Quantocracy: This is a curated mashup of quantitative trading links.

Adversarial Deep Hedging: Learning to Hedge without Price Process Modeling – Masanori Hirano, Kentaro Minami, Kentaro Imajo

Deep hedging is a deep-learning-based framework for derivative hedging in incomplete markets. The advantage of deep hedging lies in its ability to handle various realistic market conditions, such as market frictions, which are challenging to address within the traditional mathematical finance framework. Since deep hedging relies on market simulation, the underlying asset price process model is crucial. However, existing literature on deep hedging often relies on traditional mathematical finance models, e.g., Brownian motion and stochastic volatility models, and discovering effective underlying asset models for deep hedging learning has been a challenge. In this study, we propose a new framework called adversarial deep hedging, inspired by adversarial learning. In this framework, a hedger and a generator, which respectively model the underlying asset process and the underlying asset process, are trained in an adversarial manner. The proposed method enables to learn a robust hedger without explicitly modeling the underlying asset process. Through numerical experiments, we demonstrate that our proposed method achieves competitive performance to models that assume explicit underlying asset processes across various real market data.

Towards Generalizable Reinforcement Learning for Trade Execution – Chuheng Zhang, Yitong Duan, Xiaoyu Chen, Jianyu Chen, Jian Li, Li Zhao

Optimized trade execution is to sell (or buy) a given amount of assets in a given time with the lowest possible trading cost. Recently, reinforcement learning (RL) has been applied to optimized trade execution to learn smarter policies from market data. However, we find that many existing RL methods exhibit considerable overfitting which prevents them from real deployment. In this paper, we provide an extensive study on the overfitting problem in optimized trade execution. First, we model the optimized trade execution as offline RL with dynamic context (ORDC), where the context represents market variables that cannot be influenced by the trading policy and are collected in an offline manner. Under this framework, we derive the generalization bound and find that the overfitting issue is caused by large context space and limited context samples in the offline setting. Accordingly, we propose to learn compact representations for context to address the overfitting problem, either by leveraging prior knowledge or in an end-to-end manner. To evaluate our algorithms, we also implement a carefully designed simulator based on historical limit order book (LOB) data to provide a high-fidelity benchmark for different algorithms. Our experiments on the high-fidelity simulator demonstrate that our algorithms can effectively alleviate overfitting and achieve better performance.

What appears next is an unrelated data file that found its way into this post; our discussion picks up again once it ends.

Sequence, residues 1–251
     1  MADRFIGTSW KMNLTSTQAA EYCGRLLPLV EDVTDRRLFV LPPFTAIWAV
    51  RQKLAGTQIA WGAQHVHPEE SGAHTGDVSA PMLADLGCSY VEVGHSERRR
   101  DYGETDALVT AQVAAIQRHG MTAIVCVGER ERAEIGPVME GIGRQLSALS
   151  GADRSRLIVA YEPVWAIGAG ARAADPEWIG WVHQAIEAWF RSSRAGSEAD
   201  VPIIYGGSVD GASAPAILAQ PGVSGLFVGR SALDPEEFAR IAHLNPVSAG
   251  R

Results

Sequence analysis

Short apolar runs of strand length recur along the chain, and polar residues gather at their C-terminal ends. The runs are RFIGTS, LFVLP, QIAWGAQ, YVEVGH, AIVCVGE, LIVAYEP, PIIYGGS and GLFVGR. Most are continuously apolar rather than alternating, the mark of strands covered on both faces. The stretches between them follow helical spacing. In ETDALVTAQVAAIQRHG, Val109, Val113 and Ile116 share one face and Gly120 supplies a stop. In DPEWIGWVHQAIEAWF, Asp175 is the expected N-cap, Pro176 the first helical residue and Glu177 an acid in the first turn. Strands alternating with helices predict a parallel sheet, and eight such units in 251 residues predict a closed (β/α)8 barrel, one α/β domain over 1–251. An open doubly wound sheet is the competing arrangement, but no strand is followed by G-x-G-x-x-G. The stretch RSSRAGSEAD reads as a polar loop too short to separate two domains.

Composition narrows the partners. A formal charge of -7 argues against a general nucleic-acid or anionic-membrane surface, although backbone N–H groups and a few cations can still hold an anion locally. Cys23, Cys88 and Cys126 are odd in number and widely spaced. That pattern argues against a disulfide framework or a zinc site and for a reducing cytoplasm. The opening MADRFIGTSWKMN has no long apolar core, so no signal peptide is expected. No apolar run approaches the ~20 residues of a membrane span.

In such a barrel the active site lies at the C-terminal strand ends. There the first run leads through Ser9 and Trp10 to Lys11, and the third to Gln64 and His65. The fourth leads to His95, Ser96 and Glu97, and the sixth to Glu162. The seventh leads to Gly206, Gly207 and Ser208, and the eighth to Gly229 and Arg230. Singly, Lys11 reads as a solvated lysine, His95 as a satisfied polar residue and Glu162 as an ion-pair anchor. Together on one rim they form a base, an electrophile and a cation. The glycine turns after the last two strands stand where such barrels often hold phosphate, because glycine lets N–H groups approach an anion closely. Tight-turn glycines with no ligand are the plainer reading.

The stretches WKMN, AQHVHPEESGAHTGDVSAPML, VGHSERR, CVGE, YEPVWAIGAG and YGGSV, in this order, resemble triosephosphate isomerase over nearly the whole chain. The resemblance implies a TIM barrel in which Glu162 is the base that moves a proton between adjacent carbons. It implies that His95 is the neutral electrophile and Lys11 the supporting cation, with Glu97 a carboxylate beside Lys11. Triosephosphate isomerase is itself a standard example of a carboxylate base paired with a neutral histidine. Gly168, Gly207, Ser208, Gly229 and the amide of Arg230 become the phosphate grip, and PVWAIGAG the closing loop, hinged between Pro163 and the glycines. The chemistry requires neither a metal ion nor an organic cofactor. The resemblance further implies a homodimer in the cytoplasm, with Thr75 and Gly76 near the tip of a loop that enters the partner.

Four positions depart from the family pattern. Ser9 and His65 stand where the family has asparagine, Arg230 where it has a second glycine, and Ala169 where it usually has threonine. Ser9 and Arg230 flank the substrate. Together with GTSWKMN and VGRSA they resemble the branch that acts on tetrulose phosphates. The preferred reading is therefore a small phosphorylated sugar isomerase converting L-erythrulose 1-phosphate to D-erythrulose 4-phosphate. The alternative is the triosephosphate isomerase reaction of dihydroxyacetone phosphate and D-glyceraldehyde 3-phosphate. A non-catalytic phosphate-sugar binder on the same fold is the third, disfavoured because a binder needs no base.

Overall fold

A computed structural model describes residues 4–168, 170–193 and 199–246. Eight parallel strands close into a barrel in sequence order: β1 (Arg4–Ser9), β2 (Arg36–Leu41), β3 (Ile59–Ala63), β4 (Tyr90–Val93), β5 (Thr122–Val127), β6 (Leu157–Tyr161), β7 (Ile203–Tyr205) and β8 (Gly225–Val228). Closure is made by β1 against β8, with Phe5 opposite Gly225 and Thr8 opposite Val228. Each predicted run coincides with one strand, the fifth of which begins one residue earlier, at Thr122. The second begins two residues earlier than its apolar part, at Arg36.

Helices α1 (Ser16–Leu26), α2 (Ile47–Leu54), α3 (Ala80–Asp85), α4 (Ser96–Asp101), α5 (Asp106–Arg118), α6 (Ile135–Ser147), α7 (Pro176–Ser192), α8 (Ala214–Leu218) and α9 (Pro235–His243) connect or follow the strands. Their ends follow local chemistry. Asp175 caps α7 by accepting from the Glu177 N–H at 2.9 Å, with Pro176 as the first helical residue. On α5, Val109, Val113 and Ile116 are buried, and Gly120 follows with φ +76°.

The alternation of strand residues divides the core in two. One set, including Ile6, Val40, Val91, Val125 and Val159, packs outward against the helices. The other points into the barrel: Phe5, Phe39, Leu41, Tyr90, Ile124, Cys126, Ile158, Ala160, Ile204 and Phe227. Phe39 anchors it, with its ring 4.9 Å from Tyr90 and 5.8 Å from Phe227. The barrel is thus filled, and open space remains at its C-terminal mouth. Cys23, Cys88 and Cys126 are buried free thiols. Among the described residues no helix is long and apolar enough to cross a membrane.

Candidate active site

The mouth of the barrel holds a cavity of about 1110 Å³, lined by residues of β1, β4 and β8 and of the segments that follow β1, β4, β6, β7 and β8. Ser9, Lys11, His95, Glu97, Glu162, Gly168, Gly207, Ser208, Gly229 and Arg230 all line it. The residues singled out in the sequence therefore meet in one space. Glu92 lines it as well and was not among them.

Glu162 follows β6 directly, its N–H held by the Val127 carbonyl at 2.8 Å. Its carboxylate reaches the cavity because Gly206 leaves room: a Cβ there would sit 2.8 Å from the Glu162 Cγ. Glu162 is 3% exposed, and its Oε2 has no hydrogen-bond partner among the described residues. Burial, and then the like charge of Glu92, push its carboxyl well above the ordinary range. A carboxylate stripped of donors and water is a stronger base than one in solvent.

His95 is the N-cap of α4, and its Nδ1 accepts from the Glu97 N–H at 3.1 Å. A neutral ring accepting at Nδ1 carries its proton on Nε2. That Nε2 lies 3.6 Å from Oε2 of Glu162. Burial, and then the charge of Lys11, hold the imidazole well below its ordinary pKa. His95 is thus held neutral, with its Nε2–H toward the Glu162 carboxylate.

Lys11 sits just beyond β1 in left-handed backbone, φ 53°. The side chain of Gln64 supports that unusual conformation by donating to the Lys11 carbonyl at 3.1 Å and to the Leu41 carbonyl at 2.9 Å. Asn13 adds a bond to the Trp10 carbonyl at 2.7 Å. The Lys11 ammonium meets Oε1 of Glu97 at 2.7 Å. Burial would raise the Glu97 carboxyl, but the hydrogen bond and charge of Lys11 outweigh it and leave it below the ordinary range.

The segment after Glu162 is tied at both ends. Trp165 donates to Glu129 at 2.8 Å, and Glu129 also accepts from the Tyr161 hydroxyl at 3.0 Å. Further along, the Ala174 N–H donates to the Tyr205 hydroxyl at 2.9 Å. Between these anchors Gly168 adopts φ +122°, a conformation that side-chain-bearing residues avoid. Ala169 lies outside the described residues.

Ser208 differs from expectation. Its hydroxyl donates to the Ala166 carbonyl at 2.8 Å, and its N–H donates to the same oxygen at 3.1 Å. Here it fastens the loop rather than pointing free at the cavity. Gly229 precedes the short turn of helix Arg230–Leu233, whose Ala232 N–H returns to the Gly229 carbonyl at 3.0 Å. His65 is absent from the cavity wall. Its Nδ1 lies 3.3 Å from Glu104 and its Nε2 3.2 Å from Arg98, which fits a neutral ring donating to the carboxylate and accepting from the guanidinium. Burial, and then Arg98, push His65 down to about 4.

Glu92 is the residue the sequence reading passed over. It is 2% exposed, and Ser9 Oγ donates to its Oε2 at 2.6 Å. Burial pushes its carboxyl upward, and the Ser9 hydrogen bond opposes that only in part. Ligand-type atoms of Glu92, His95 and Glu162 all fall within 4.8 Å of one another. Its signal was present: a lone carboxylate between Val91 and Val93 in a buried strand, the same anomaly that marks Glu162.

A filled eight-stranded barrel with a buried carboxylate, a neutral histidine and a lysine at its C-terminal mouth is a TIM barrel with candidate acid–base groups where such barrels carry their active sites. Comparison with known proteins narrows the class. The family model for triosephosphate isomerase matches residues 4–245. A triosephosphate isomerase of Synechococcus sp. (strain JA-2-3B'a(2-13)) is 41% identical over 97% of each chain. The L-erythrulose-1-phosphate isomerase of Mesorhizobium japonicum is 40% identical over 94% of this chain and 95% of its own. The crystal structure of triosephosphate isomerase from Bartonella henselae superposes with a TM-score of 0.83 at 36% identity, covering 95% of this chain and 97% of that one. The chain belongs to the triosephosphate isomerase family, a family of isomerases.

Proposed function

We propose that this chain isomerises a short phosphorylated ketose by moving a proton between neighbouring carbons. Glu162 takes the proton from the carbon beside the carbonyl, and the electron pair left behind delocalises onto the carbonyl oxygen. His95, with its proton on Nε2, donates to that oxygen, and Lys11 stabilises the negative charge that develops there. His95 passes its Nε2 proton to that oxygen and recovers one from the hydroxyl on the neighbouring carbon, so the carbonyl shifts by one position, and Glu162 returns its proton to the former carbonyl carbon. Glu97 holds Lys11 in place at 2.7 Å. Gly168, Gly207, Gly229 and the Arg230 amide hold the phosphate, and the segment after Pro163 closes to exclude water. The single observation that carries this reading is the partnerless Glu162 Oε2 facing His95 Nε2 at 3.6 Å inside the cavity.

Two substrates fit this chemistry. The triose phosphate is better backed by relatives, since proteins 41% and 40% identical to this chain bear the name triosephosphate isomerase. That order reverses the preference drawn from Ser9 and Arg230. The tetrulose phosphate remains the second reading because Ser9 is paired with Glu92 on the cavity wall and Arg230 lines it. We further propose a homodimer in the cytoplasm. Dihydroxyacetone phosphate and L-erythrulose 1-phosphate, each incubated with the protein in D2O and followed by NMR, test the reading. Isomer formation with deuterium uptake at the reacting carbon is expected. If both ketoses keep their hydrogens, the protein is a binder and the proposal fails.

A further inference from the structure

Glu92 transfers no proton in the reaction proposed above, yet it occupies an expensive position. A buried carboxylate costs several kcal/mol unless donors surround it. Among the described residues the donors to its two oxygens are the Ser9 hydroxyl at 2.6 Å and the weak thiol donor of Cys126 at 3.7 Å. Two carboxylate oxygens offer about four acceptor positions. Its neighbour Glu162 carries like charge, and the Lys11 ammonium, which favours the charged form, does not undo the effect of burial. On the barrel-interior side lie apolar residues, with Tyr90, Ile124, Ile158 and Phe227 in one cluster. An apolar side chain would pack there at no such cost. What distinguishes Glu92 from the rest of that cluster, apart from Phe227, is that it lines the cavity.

Fast and eager K-medoids clustering: O(k) runtime improvement of the PAM, CLARA, and CLARANS algorithms – Erich Schubert, Peter J. Rousseeuw

Clustering non-Euclidean data is difficult, and one of the most used algorithms besides hierarchical clustering is the popular algorithm Partitioning Around Medoids (PAM), also simply referred to as k-medoids clustering. In Euclidean geometry the mean – as used in k-means – is a good estimator for the cluster center, but this does not exist for arbitrary dissimilarities. PAM uses the medoid instead, the object with the smallest dissimilarity to all others in the cluster. This notion of centrality can be used with any (dis-)similarity, and thus is of high relevance to many domains and applications. A key issue with PAM is its high run time cost. We propose modifications to the PAM algorithm that achieve an O(k)-fold speedup in the second (“SWAP”) phase of the algorithm, but will still find the same results as the original PAM algorithm. If we relax the choice of swaps performed (while retaining comparable quality), we can further accelerate the algorithm by eagerly performing additional swaps in each iteration. With the substantially faster SWAP, we can now explore faster initialization strategies, because (i) the classic (“BUILD”) initialization now becomes the bottleneck, and (ii) our swap is fast enough to compensate for worse starting conditions. We also show how the CLARA and CLARANS algorithms benefit from the proposed modifications. While we do not study the parallelization of our approach in this work, it can easily be combined with earlier approaches to use PAM and CLARA on big data (some of which use PAM as a subroutine, hence can immediately benefit from these improvements), where the performance with high k becomes increasingly important. In experiments on real data with k=100, 200, we observed a 458x respectively 1191x speedup compared to the original PAM SWAP algorithm, making PAM applicable to larger data sets, and in particular to higher k.